Narwal M, Jemth AS, Gustafsson R, Almlöf I, Warpman Berglund U, Helleday T, Stenmark P
Biochemistry 57 (5) 593-603 [2018-02-06; online 2018-01-16]
MTH1 hydrolyzes oxidized nucleoside triphosphates, thereby sanitizing the nucleotide pool from oxidative damage. This prevents incorporation of damaged nucleotides into DNA, which otherwise would lead to mutations and cell death. The high level of reactive oxygen species in cancer cells leads to a higher level of oxidized nucleotides in cancer cells compared to that in nonmalignant cells, making cancer cells more dependent on MTH1 for survival. The possibility of specifically targeting cancer cells by inhibiting MTH1 has highlighted MTH1 as a promising cancer target. The progression of MTH1 inhibitors into the clinic requires animal studies, and knowledge of species differences in the potency of inhibitors is vitally important. We here show that the human MTH1 inhibitor TH588 is approximately 20-fold less potent with respect to inhibition of mouse MTH1 than the human, rat, pig, and dog MTH1 proteins are. We present the crystal structures of mouse MTH1 in complex with TH588 and dog MTH1 and elucidate the structural and sequence basis for the observed difference in affinity for TH588. We identify amino acid residue 116 in MTH1 as an important determinant of TH588 affinity. Furthermore, we present the structure of mouse MTH1 in complex with the substrate 8-oxo-dGTP. The crystal structures provide insight into the high degree of structural conservation between MTH1 proteins from different organisms and provide a detailed view of interactions between MTH1 and the inhibitor, revealing that minute structural differences can have a large impact on affinity and specificity.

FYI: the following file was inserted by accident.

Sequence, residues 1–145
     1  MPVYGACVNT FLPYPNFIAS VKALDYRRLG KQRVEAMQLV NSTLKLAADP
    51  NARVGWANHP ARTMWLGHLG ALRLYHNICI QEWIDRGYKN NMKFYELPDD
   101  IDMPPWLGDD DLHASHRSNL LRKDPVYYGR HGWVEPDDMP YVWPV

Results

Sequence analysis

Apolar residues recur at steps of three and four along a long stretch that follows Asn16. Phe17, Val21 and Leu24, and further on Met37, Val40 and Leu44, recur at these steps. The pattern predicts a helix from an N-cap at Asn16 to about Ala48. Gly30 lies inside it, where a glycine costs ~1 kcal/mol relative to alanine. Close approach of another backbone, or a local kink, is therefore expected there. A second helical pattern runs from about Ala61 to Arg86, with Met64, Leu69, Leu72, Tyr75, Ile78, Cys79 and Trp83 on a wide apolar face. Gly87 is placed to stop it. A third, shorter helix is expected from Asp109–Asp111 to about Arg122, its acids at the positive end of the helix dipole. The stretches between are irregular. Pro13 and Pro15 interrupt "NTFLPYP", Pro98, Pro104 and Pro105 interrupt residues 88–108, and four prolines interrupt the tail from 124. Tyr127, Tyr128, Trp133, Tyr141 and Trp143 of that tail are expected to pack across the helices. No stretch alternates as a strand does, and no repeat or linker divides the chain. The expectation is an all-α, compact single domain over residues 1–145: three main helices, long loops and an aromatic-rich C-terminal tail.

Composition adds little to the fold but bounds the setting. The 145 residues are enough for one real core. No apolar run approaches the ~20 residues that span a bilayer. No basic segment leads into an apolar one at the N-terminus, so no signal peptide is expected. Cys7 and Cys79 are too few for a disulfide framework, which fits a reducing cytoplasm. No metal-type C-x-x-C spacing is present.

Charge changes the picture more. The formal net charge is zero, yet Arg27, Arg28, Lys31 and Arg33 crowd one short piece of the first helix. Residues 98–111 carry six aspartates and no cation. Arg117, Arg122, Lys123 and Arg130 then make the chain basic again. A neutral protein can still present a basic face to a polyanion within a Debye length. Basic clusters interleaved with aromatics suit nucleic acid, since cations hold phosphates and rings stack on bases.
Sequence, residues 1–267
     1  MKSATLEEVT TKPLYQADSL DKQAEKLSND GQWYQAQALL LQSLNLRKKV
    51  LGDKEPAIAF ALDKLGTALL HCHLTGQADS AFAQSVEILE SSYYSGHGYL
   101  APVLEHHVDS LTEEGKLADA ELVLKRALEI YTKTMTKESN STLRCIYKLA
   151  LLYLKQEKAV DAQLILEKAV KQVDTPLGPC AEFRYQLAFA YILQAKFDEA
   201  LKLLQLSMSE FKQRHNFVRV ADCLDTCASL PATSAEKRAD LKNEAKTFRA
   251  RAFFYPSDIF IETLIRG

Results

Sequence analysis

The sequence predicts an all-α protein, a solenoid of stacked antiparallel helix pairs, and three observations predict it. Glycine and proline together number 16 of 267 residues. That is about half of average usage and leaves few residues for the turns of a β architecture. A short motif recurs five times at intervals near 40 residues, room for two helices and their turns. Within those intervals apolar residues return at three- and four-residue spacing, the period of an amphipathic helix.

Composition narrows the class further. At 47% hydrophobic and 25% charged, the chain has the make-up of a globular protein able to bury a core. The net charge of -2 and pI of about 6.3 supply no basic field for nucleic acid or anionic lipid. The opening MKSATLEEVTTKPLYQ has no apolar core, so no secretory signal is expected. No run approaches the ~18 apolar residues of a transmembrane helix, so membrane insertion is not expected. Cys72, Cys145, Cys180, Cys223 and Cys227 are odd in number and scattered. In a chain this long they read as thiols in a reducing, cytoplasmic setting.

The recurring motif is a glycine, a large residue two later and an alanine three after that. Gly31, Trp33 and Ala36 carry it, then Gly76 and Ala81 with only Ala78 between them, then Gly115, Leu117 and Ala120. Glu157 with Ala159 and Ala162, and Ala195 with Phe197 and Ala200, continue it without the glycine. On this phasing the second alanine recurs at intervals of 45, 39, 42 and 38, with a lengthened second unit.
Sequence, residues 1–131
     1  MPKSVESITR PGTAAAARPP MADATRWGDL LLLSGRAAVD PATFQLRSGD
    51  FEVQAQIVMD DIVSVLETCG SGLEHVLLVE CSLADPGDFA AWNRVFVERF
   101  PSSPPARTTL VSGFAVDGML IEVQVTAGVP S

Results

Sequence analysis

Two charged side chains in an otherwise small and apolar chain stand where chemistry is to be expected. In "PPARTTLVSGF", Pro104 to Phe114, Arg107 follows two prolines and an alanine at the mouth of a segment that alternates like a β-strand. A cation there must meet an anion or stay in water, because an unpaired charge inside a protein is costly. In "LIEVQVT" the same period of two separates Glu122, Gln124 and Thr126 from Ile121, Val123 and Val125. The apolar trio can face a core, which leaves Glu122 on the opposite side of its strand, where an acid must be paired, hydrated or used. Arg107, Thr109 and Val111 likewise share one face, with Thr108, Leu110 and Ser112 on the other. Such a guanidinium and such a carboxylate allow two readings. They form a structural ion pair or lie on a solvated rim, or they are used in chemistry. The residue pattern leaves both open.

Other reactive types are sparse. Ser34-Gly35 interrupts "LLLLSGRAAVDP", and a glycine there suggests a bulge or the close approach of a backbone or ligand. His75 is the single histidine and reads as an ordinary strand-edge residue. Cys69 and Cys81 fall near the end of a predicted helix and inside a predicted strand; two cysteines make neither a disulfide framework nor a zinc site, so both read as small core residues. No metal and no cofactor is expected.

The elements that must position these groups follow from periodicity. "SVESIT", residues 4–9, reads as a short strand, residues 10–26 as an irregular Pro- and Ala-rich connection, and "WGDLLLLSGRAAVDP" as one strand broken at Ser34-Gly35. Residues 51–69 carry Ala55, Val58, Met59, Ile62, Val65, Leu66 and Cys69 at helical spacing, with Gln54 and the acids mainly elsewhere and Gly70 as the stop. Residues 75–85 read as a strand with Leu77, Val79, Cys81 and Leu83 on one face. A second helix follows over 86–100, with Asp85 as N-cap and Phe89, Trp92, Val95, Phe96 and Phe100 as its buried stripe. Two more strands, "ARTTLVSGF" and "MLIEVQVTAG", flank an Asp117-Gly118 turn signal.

Protein Science Facility (PSF) [Service]
PDB: 5MZE Crystal structure of mouse MTH1 with 8-oxo-dGTP
PDB: 5MZF Crystal structure of dog MTH1 protein
PDB: 5MZG Crystal structure of mouse MTH1 in complex with TH588
PDB: 6EHH Crystal structure of mouse MTH1 mutant L116M with inhibitor TH588